Bob Fu, the president of ChinaAid and an advocate for religious freedom and human rights, reports that the Chinese government has destroyed about 300 churches or removed their crosses.

Bob Fu, Founder of China Aid

Much of the persecution has taken place in Zhejiang province, south of Shanghai, where government officials told one congregation that its “cross was too shiny, too tall and too big.” When the congregation refused to take it down, the government began to demolish the church.

Fu calls it the “worst persecution in China since the Cultural Revolution” in the 1960s and ’70s, when one Communist leader said, “Christianity in China has been confined to the history section of the museum. It is dead and buried.”

In reality, the Christian population in China is currently booming. Because so many Chinese belong to underground churches, there are no reliable figures, but a  Pew study in 2011 estimated that about 5 percent of the population – 67 million at the time – was Christian. Some experts even say China could have the biggest Christian population in the world by 2030.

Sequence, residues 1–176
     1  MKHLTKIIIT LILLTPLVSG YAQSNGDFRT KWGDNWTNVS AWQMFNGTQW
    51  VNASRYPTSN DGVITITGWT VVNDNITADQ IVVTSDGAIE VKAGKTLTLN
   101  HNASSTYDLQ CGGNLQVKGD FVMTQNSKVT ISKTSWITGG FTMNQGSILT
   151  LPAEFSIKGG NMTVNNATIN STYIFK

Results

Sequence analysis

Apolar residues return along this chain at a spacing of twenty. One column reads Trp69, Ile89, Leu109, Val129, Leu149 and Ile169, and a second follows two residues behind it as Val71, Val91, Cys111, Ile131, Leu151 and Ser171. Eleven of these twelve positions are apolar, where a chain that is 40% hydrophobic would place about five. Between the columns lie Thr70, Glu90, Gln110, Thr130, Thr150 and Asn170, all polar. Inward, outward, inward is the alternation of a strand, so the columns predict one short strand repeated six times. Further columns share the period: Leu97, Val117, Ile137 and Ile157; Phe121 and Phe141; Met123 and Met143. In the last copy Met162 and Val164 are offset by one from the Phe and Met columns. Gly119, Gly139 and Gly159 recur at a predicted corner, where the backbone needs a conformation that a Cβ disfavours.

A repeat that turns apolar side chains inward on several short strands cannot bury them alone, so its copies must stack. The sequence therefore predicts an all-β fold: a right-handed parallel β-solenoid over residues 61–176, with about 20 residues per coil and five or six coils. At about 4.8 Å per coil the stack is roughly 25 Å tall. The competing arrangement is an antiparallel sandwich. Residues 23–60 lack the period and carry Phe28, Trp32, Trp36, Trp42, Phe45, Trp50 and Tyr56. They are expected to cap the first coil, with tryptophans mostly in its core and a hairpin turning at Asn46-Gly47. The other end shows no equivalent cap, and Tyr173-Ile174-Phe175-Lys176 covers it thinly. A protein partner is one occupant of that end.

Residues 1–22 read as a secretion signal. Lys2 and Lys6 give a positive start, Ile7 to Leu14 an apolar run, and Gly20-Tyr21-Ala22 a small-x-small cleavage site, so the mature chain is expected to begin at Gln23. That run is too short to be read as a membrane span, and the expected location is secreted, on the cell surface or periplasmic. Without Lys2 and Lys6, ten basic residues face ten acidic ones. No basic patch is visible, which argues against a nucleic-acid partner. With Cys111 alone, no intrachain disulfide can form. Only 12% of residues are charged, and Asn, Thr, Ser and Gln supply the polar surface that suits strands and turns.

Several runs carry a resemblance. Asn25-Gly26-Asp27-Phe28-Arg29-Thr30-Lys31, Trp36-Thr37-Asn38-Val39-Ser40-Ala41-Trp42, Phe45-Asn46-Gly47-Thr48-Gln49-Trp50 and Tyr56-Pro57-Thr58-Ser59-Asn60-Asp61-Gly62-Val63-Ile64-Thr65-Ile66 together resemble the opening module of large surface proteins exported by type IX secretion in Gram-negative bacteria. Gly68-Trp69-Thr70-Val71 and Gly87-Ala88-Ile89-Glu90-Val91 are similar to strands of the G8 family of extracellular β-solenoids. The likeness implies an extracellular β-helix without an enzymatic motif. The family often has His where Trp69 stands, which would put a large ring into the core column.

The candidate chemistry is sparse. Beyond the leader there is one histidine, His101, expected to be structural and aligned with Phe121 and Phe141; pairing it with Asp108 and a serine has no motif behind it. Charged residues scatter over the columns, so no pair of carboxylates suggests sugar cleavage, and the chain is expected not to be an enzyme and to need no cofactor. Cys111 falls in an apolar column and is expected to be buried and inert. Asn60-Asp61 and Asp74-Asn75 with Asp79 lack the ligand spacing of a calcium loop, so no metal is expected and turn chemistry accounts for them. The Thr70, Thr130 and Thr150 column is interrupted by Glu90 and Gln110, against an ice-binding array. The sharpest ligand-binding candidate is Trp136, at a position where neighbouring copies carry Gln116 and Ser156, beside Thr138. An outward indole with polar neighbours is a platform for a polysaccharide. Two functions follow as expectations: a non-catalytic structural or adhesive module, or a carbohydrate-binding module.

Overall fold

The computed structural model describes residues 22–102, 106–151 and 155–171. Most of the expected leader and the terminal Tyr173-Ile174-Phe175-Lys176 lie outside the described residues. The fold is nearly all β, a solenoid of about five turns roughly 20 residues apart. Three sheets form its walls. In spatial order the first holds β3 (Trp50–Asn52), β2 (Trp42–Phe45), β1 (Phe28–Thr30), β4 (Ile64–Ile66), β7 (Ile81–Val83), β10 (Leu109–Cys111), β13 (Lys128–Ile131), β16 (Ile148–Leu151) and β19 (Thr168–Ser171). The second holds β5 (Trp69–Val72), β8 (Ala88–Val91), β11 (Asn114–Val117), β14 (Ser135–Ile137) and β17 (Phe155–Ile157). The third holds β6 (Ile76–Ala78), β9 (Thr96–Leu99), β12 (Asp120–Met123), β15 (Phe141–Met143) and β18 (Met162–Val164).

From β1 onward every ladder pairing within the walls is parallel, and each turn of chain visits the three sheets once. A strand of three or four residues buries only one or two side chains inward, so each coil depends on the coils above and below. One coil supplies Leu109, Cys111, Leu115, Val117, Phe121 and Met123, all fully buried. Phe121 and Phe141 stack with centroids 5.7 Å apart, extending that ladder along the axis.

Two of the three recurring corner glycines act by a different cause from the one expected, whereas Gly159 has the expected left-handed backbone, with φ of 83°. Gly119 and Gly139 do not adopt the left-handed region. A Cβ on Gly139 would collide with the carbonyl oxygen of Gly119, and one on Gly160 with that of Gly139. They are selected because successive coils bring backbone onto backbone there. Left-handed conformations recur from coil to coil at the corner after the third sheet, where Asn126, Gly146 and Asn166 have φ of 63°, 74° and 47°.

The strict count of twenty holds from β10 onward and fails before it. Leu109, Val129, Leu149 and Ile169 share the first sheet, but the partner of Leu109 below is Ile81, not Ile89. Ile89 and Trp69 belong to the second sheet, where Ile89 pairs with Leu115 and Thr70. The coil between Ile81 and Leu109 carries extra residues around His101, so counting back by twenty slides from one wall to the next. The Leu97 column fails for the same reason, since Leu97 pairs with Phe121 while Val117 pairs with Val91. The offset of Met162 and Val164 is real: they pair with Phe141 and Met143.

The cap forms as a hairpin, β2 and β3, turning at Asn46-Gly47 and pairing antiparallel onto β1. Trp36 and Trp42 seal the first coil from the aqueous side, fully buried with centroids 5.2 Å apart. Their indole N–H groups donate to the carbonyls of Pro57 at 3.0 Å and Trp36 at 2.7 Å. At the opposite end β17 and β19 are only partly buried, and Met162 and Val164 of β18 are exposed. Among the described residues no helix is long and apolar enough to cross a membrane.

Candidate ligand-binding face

Fu, the author of “God’s Double Agent,” says that government documents reveal that Chinese president Xi Jinping is trying to “contain the over-heated growth of Christianity.”

Religious persecution in China and other countries with less-than-tolerant attitudes toward certain religions is nothing new, and every experienced newsman knows that, because humans tend to prioritize the concerns of the near before the far, the public typically cares more about local and national news than international news.

At a time when the media reports on every move the Kardashians make and highlights stories with headlines like “The 26 Best Brows on Instagram,” it shouldn’t be surprising that so little attention is paid to religious persecution in China.

But if you want to find out what’s going on there and show your support, visit www.chinaaid.org.  You’ll learn that China is not only half a world away geographically, it’s also a different and much harsher world for followers of Christ.